Authors Charles Colson and Ellen Santilli Vaughn, along with publishing company Word, Inc., have issued public apologies to a Baptist minister for making libelous allegations about him in the first edition of the best-selling book "The Body."
The book alleged that D. A. Waite exerted "unusual control over the congregation" at Immanuel Baptist Church, which he pastored in Newton, Massachusetts, from 1961 to 1965.
The book accused Waite of blackmailing his parishioners to force them to agree with his decisions. In one instance, the book said, a fistfight broke out between pastor and parishioner during Sunday worship.
The incidents involving Waite were removed from the second edition of "The Body," which was originally published in 1992 by Word.
Some allegations were reprinted in Victor Books' "Turning Toward Integrity." Victor and Waite also reached an out-of-court settlement. Waite initially sought $50,000 in damages, but terms of the settlement were not disclosed.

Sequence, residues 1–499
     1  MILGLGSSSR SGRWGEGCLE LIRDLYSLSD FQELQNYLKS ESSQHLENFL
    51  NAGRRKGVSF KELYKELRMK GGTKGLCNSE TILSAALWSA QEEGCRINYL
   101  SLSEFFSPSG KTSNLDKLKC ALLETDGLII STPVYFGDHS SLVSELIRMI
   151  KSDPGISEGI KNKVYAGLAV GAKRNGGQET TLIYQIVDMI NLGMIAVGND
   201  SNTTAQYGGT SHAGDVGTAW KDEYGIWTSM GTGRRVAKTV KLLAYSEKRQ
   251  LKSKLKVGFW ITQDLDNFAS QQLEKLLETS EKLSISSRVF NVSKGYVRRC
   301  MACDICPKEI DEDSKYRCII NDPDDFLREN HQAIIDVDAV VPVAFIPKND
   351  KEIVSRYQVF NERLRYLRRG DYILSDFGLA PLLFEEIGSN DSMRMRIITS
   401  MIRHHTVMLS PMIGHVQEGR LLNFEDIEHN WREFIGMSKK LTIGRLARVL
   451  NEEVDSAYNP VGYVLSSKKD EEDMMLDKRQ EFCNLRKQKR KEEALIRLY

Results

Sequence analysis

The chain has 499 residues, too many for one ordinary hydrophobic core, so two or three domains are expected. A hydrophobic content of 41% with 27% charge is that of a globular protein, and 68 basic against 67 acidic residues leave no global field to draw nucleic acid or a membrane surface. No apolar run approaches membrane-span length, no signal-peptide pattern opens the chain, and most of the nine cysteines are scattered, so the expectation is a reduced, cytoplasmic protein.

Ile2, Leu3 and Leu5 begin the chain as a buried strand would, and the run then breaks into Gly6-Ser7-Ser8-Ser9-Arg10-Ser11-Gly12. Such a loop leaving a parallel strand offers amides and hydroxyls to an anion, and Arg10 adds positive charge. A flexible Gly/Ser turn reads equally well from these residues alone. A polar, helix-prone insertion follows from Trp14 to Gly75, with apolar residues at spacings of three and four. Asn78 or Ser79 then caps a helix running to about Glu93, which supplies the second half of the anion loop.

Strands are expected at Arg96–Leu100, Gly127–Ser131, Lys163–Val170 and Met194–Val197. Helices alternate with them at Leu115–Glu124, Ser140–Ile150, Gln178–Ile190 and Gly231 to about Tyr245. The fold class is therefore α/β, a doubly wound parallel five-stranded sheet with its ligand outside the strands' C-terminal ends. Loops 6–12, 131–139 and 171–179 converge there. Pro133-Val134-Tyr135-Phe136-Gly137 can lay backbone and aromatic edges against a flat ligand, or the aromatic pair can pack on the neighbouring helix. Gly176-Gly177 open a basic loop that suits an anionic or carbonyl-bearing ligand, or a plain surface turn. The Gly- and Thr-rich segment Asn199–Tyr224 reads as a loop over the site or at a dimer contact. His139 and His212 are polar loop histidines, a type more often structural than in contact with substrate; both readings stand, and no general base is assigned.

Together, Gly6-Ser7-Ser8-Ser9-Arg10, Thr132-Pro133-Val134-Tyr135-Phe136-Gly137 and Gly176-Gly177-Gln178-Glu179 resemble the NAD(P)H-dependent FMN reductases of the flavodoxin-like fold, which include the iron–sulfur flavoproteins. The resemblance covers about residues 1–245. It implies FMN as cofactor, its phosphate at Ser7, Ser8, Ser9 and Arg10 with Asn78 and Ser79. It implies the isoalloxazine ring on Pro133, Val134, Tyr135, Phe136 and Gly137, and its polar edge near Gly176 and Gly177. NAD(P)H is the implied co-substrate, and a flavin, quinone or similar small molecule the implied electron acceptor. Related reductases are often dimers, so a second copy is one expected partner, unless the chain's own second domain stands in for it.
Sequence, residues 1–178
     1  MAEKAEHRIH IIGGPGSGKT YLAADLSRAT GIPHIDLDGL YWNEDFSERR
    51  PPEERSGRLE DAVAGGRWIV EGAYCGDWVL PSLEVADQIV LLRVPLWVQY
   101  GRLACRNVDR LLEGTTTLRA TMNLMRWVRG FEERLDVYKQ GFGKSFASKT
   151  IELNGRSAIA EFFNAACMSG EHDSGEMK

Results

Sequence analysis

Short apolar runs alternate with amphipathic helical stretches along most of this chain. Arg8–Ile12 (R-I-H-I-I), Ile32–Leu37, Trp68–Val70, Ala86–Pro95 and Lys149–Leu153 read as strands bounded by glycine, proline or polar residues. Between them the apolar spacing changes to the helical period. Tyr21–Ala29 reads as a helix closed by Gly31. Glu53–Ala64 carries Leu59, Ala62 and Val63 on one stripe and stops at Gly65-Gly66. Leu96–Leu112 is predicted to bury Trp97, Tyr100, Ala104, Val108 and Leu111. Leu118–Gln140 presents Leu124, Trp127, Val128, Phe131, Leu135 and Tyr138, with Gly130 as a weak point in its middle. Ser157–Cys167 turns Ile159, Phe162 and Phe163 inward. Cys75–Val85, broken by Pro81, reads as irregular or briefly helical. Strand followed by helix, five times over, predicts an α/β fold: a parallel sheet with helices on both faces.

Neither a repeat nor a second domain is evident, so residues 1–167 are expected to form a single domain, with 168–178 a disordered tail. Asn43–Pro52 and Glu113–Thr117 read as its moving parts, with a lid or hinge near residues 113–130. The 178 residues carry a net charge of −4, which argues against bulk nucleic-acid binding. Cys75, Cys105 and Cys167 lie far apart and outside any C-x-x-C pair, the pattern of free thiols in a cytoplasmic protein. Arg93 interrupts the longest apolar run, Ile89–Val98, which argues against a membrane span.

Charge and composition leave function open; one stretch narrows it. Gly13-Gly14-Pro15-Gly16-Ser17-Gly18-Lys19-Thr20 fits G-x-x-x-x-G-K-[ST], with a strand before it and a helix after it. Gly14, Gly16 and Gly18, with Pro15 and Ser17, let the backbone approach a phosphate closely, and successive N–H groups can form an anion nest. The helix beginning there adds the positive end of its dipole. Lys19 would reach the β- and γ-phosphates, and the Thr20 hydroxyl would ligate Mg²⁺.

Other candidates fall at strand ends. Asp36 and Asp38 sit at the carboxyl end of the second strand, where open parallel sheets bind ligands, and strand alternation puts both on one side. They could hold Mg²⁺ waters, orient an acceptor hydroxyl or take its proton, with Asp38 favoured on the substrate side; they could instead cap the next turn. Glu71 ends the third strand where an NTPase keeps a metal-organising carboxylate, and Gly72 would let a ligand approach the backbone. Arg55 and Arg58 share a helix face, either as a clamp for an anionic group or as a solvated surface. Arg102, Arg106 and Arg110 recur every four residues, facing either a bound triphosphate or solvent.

Waite told CT the story in "The Body" contained at least 96 errors. According to a statement by Colson, Waite, and publisher Charles Kip Jordon, the authors did not contact Waite about allegations raised because they thought he was dead. It said, "Had the authors been able to talk with Dr. Waite, and review his tape-recorded sermon from Immanuel Baptist Church, they would have written the chapter differently."